If I could afford no other supplements, I always take these.  I suffered from a subclinical (at least according to mainstream medical practice) vitamin A deficiency from 2004 on up to 2007 or 2008 that manifested as reproductive health problems and also birth defects in my daughter.  No one suspected an A shortage as the problem.  I figured it out by happy accident.  I am apparently not a good converter of beta carotene and my daughter paid the price.  I don't like liver, and dairy and eggs are not high enough in the vitamin, so this is what I do.  And this way the vitamins all work together synergistically  and I don't have to worry about toxicity.

  • DS

    8/26/2011 6:20:09 PM |

    Yeah, I know, but I was taking 50,000 units weekly to rectify a profound *deficiency*, not as a maintenance dose.

  • DS

    8/26/2011 6:30:06 PM |

    I don't know if it was D2 or D3 when I was taking 50,000 units per week (by prescription; this was over a year ago), but the 2,000 units (OTC) I now take daily are D3.  If this dose has me maintained at 60 ng/ml, it's amazing how the 8,000 units you (Dr. Davis) take isn't too much.  I guess this goes to show that monitoring is crucial, and there's no one-size-fits-all in supplements.

  • Don

    8/27/2011 12:51:54 AM |

    vit D and sleep apnea

  • Gene K

    8/27/2011 1:11:11 AM |

    Long time followers of this blog will recall that Dr Davis has discussed vitamin D and K2-related issues many times here. You can find many answers to your questions by following the search links and Not all posts will be directly related to this discussion, but you will know what is related and what is not.

  • The Health Magazine

    8/27/2011 4:29:06 AM |

    I guess Vit D can also be gained freely from the nature.

  • Might-o'chondri-AL

    8/27/2011 5:51:18 AM |

    To Jack K. ... posted here since Server blocked this where belongs.
    Hi Jack K.,
    You once mentioned being ApoE4 (I think), thus are specially interested; and are in your "prime" dedicated to physical culture. Frankly I have no insight into how modified fasting or limiting snack fuel would let a body builder achieve their goals. (Doc recently stated how hard it was for athletes to restrict quick energy foods, like carbs.)

    HDL heritability  in the Dutch ERASMUS study was put at 43% and the study of isolated Italian's from Linosa put HDL heritability at 54% (and for those Italians having both high triglycerides and low HDL that dual heritability was 31%). When one considers the ApoA2 percentage in HDL in relation to the amount of ApoA1 in HDL then that detail is going to involve the copy number of ApoA2 genes the individual has; and what is eaten, but not the type of protein one chooses, because it is more lipids (as fatty acid derivatives) that are involved in key signaling roles.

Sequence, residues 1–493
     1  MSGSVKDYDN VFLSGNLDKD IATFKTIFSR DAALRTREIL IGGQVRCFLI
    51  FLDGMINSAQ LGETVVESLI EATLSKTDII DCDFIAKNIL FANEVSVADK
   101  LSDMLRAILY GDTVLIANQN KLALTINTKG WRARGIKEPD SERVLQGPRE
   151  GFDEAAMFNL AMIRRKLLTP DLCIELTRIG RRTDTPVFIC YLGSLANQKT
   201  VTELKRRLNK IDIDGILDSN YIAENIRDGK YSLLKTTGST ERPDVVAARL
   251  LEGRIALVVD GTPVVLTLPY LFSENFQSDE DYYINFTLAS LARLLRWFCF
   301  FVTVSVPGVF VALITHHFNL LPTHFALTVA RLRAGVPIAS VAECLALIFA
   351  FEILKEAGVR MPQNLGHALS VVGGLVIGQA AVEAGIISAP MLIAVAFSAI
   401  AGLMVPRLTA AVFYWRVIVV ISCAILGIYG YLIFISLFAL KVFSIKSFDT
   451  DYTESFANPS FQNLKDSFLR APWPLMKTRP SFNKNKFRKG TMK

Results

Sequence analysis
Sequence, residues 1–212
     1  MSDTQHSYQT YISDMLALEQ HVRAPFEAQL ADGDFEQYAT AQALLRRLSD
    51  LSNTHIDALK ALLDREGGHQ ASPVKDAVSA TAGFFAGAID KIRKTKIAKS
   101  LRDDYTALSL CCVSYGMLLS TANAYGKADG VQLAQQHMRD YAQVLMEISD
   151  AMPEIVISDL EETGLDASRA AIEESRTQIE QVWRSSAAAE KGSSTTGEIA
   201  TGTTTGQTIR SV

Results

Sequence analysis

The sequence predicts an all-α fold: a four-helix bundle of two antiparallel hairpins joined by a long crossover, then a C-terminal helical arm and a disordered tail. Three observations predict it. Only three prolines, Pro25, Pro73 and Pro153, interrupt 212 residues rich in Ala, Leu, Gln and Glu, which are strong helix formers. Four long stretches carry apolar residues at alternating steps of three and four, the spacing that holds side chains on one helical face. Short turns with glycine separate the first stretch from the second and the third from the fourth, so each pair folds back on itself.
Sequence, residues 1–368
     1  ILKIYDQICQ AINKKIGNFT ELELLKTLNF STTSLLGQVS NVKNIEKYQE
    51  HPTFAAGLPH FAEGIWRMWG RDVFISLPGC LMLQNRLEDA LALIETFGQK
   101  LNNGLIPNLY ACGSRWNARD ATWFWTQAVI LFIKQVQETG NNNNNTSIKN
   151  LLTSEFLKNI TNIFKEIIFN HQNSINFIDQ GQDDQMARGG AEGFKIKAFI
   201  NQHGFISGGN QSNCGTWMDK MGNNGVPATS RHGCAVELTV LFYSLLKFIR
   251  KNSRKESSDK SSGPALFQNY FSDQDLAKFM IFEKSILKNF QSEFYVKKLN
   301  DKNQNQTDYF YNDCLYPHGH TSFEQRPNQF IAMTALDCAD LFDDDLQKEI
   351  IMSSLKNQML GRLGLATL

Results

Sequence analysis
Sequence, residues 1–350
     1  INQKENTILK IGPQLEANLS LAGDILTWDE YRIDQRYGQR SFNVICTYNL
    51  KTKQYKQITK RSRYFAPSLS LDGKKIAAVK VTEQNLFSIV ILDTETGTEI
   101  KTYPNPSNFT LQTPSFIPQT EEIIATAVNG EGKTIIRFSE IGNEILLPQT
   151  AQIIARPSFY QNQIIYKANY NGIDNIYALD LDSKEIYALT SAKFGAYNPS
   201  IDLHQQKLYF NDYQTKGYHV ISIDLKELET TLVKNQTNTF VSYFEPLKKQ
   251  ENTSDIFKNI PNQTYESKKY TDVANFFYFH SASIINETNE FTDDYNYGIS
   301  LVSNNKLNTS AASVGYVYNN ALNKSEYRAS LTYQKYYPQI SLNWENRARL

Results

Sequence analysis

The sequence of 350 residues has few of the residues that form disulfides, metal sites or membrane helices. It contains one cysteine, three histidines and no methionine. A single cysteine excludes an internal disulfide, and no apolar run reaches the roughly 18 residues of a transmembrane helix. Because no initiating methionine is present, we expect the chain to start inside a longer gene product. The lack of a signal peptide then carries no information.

Doc & others ( ex: WholeHealthSource) tell us saturated fat intake boosts total cholesterol, but more so HDL than LDL; conversely when restrict saturated fat HDL level falls . For those with ApoE4 however Doc repeatedly has mentioned that for them it may be best to decidedly limit fat. In which case triglyceride levels are seemingly something one must work around.

    Restricting saturated fat intake sees a decrease in  ApoA1 because without those fatty acid derivatives (lipid signalers) ApoA1 undergoes more breakdown, and in addition there is less ApoA1 secretion (not only does ApoA1 degrade faster than ApoA2 but the kidneys apparently don't excrete ApoA2, like the kidneys do to ApoA1). This is how statistically low HDL is associated with a higher percentage of ApoA2  in it's make up. Yet genetics can conceivably tweak this dynamic because fatty acid derivatives (lipid signalers) have to up-regulate PPAR alpha (subject to genetic variation), which then acts on the ApoA2 gene regulatory  element "J" (subject to genetic variation) before ApoA2 gets made in the liver (& a bit in intestine).